Menstrual cycles and their symptoms are as unique as you are. Many symptoms of premenstrual syndrome, including abdominal cramps, mood swings, bloating and irritability, are considered normal. Irregular periods, hot flashes and insomnia can be early signs that you’re transitioning into menopause.
Around 75% of women of childbearing age experience some levels of premenstrual syndrome, or PMS, according to the American Academy of Family Physicians. Common PMS symptoms include abdominal cramping, mood swings, bloating and irritability.
Most symptoms begin as early as two weeks before the period and disappear a few days after the period begins. It is important to keep a period or a symptom and menstrual calendar to help your doctor make an accurate diagnosis of PMS or premenstrual dysphoric disorder.
Some ways that PMS symptoms can be treated at home include:
• Eating a diet high in complex carbohydrates, fruits and vegetables
• Avoiding caffeine and alcohol
• Exercising regularly
• Taking anti-inflammatory medications, such as ibuprofen
While PMS symptoms may be inconvenient or uncomfortable, they should not interfere with your day-to-day life. If you experience severe mood swings, hopelessness, anger or high levels of irritability, you may have a condition called premenstrual dysphoric disorder (PMDD).
About 3% to 6% of women experience PMDD, according to the Endocrine Society. Fortunately, the treatment for PMDD can be similar to treatment for PMS. If your symptoms do not get better with lifestyle changes, speak with your provider, who may suggest antidepressants or other options to help ease your symptoms.
Similarly, while abdominal cramping may be common during PMS or your period, severe cramping may be a sign of endometriosis. Endometriosis is caused when uterine tissue grows outside of the uterus. Just over 10% of American women suffer from endometriosis, according to the Office on Women’s Health.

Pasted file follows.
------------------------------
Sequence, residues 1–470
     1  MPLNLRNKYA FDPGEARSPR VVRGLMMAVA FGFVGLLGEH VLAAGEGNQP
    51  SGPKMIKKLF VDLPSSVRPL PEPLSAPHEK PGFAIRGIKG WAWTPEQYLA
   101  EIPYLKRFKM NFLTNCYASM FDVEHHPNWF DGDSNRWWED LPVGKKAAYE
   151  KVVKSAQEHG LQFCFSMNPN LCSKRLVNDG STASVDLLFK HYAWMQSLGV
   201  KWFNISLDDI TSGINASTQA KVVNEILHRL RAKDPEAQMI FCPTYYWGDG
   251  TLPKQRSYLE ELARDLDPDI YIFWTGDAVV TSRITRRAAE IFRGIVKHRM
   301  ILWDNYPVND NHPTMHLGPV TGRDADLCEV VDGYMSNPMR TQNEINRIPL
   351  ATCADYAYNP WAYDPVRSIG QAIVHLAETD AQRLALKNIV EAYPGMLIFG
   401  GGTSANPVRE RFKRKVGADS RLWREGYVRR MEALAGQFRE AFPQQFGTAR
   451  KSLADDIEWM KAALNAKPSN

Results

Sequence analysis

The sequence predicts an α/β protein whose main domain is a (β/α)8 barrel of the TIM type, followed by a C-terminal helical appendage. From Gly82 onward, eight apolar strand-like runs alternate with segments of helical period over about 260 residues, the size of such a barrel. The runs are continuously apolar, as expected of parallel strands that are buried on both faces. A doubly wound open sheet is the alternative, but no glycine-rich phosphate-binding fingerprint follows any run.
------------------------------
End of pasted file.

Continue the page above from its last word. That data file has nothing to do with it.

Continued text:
In addition to very painful menstrual cramps, endometriosis may also cause chronic lower back and pelvic pain, pain during or after sex, or intestinal pain. Endometriosis may also cause digestive problems, infertility and bleeding or spotting between periods. Some women find relief from symptoms by using hormonal birth control, while others manage their symptoms with lifestyle changes and over-the-counter pain medicine. If your period cramps are especially painful, talk to your provider about treatment options that may be best for you.
Transitioning to menopause
Most women begin menopause between the ages of 47 and 55. Before you enter menopause, your periods may be longer or shorter than your typical cycle. Your periods will likely become less regular, and you may skip some months. When you have not had a period for 12 consecutive months, you have entered menopause.
Some menopausal symptoms, such as mood swings, are similar to PMS. Other symptoms of menopause may include:
• Hot flashes
• Vaginal dryness
If your menopause symptoms are uncomfortable, speak with your provider about treatment options. Keep in mind that the time in a woman’s life when the discomforts of menopause occur is often accompanied by tremendous physical and social changes. Empty nest, aging parents, marital stress and poor physical health add to the discomfort of menopause. Talk to your doctor as there are many options to help a woman weather this transition.
Dr. Holly Stevens is an obstetrician/gynecologist at Novant Health Carolina Women’s Health Associates – China Grove.